FALL ON ROCK, INADEQUATE PROTECTION, FAILURE TO FOLLOW ACCEPTED STANDARDS
On September 21, Travis Hull (28), North American Wilderness Academy school administrator and master wilderness instructor, fell to his death while teaching a beginning rescue class to the NAWA-USA Academy. The USA Academy, composed of teachers and students in grades seven through twelve, were completing the rescue course in preparation for their five week trip to Alaska when the accident occurred.
Travis had just completed a demonstration on the safety of a two point self-protecting system and had yet to hook the ropes into the system. As he extricated himself from the system, he apparently lost contact with how close he was to the edge, stepped back, lost his balance, and fell to his death.
Travis was an expert climber and rescue instructor. He was a volunteer coordinator for the Shasta County Search and Rescue and had spent many hours training Sheriff departments, search and rescue groups, and fire departments in vertical and swift water rescue. His contributions to the NAWA program were enormous, and he will be deeply missed by all of us.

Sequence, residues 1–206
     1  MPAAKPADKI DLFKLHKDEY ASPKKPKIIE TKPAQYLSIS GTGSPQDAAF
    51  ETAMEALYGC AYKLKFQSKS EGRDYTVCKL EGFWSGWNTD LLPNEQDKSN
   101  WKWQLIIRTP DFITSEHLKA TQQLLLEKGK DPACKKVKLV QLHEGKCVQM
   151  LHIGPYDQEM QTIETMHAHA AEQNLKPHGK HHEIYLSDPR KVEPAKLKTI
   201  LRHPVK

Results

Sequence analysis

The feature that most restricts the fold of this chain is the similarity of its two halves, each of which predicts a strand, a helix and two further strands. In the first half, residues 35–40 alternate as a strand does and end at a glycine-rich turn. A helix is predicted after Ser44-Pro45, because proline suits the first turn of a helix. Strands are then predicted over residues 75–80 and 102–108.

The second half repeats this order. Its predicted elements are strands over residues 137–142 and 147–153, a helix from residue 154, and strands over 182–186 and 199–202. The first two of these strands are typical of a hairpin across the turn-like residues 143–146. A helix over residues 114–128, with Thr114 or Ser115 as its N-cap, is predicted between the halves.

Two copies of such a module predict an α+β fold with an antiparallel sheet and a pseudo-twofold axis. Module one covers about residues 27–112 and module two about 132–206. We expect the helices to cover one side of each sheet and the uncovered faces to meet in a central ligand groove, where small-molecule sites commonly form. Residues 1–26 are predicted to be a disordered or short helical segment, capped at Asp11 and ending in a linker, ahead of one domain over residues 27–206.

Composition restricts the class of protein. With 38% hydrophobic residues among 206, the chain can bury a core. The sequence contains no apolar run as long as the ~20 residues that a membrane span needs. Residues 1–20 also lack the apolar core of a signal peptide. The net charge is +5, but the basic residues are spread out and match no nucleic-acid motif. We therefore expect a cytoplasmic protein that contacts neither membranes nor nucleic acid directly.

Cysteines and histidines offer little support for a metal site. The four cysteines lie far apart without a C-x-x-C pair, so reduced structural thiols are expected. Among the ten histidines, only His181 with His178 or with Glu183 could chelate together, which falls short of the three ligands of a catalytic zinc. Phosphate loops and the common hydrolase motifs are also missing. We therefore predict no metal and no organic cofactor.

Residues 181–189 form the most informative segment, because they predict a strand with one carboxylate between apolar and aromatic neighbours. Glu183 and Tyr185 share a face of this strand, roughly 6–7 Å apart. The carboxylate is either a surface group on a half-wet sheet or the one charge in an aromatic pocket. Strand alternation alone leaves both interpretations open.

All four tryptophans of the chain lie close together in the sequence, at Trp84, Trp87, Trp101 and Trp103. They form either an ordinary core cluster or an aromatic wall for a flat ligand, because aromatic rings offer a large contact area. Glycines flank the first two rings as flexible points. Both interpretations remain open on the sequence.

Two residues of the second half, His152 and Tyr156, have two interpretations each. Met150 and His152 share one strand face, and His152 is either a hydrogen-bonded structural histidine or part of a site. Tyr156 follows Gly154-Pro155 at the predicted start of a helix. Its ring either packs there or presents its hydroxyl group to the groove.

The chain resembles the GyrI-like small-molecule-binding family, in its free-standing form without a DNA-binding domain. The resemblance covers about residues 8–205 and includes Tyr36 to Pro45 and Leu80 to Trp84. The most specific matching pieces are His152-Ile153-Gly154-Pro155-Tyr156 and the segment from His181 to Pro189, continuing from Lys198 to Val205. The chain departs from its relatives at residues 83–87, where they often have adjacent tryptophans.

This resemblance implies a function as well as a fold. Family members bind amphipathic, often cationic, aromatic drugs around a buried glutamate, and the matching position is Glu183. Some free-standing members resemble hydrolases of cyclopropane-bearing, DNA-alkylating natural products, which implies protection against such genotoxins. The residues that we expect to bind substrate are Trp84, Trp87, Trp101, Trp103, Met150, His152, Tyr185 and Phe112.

As his father, I know he would want me to emphasize one thing: the equipment and the system were safe. The error was his alone as he failed to follow his own and the industry’s safety procedures by being too close to the edge without being hooked into the system. As instructors, we work hard to conduct safe situations for youth to (engage in) risk and grow emotionally from that risk. We are oftentimes concerned more with our clients’ safety than our own. Don’t let your familiarity with your job and your acceptance of the risks momentarily blind you to the inherent dangers. They are always there for each of us. An accidental misstep can have devastating consequences. (Source: David Hull)